I am covered by Medicare insurance as of today. Last year, I quit my full-time position as a faculty member at Methodist University, and thereby lost my health insurance. I could have continued with the Methodist U. plan using COBRA, (The Consolidated Omnibus Budget Reconciliation Act of 1985), a law which allows qualifying employees who lose employer-sponsored insurance to continue their insurance coverage for up to 18 months (more in case of disability, divorce, or widowhood). COBRA is an especially appealing option for people who are uninsurable on the open market. The downside is that it is often expensive to purchase the coverage. For those who have lost much or all of their income at the same time that they lost employer-sponsored insurance, the cost can be prohibitive.
For me, the COBRA policy would have cost about $500 a month. I had nine months between the lapse of employer coverage and eligibility for Medicare. I could pay the $4500, go without insurance entirely, or try to purchase a less expensive policy for myself. I wasn’t willing to forgo insurance, but thought that a low-cost, high-deductible policy might be a good alternative. I contacted an agent and got some quotes. For $154 a month, I could get a policy with a $7,500 deductible, a 20% copay, and a cap on out of pocket expenses. I thought that if I scheduled doctors’ appointments before my employer’s policy lapsed, I might be able to almost entirely avoid medical expenses for the nine months. I was taking two medications, but one was available as a generic and the other was Niaspan, a prescription version of Niacin, readily available over-the-counter. The low-cost policy might save me $3,000 compared to the COBRA policy. On the other hand, if I developed a serious medical condition, I would be paying several thousand more. My health seemed good, so I decided to take the chance.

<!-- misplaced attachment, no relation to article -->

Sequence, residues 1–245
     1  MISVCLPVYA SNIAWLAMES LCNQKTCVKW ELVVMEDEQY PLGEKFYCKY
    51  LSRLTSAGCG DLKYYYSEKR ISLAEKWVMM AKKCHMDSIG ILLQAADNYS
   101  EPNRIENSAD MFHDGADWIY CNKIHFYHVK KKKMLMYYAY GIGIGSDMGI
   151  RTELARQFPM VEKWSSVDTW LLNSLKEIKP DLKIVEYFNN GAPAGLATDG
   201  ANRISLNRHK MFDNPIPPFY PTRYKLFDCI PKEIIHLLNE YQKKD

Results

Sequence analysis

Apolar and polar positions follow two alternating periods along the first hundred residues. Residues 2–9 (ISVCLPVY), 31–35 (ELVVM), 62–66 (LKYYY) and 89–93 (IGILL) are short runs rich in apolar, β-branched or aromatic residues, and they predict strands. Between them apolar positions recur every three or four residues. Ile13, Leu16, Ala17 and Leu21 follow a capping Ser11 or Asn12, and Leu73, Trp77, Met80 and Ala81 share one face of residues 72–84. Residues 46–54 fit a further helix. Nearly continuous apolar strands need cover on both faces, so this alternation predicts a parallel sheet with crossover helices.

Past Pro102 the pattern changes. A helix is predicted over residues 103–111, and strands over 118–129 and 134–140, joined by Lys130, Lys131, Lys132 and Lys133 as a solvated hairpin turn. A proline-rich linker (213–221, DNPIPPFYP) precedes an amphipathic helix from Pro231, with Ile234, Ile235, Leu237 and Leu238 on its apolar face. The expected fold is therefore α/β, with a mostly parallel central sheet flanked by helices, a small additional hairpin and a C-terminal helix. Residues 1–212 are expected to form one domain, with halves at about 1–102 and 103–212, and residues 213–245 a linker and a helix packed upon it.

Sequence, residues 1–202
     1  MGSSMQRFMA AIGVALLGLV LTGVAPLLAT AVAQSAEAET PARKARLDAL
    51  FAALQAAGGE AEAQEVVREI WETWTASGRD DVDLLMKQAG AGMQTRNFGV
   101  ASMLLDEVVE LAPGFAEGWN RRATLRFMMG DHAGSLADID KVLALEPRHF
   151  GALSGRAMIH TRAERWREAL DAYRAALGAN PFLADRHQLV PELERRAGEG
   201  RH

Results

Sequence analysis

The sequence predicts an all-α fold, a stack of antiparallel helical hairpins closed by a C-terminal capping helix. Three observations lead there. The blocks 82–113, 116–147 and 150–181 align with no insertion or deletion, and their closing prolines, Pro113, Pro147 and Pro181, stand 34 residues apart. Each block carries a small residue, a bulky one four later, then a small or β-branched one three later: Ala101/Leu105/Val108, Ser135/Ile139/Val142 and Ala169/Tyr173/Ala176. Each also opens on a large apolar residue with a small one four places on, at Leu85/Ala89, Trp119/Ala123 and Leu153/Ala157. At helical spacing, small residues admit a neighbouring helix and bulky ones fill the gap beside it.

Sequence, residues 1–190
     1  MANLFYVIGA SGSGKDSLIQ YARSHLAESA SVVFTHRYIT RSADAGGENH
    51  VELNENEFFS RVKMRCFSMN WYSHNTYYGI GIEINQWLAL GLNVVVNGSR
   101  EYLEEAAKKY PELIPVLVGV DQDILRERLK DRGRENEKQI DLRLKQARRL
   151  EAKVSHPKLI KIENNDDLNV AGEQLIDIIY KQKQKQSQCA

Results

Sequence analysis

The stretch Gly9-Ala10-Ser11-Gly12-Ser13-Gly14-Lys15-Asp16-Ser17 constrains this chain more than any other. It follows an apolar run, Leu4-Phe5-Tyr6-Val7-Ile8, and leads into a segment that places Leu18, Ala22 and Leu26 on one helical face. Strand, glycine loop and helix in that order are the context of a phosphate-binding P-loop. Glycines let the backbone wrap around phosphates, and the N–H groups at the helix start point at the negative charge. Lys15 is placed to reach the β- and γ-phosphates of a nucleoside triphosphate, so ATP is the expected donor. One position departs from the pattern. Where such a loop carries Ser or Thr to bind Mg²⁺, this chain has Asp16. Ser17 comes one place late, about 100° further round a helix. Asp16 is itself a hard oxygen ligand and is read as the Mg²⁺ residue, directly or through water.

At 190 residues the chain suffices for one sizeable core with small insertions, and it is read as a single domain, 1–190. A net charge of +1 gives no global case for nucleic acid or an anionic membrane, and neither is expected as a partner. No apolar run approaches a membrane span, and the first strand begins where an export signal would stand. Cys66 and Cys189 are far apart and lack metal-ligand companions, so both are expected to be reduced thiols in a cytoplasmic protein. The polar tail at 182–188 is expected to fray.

About the time my Methodist U. policy lapsed, my doctor informed me that my PSA screening test result was out of the normal range. He instructed me to have it tested again in 6 months. I was concerned; what if the PSA level shot up and I couldn’t wait until I had Medicare before having my prostate treated? The level only increased slightly when I was retested, though, and my doctor plans to just monitor the problem. I haven’t had any other medical expenses, so the risk I took by getting less expensive, less complete coverage worked in my favor.
A couple months ago I contacted my insurance agent again to start preparing for Medicare. He explained the options: Traditional Medicare Parts A, B, and D alone, a Medicare Advantage Plan, or traditional Medicare plus a supplement. Because I travel back and forth between two states, an Advantage Plan didn’t seem best for me, so I’ve opted for traditional Medicare plus Supplement Plan N. My agent, Lou Wislocki, has helped immensely in explaining the pros and cons of each alternative.
The only piece I haven’t taken care of yet is signing up for Part D, the prescription drug plan. Jane Gross documented on the New Old Age Blog her travails in trying to figure out the best Part D policy for her. She wasted days in the process, and wasted even more time trying to understand her benefits once she selected an insurer. She reports that only 5.2 percent of Plan D participants chose the coverage that would be most economical for them. Sigh. Since I really only have to be concerned about one medication at this point, Lou suggests I go with the cheapest plan which has that drug in its formulary. My condolences to those of you on multiple medications who are trying to determine the best Part D coverage.
In America, Medicare eligibility is a marker of the transition from middle adulthood to older adulthood. Now is as good a time as any to say that I’ve crossed that threshold. Or I would regard my 65th birthday as the line of demarkation. In that case, I won’t be an older adult until tomorrow.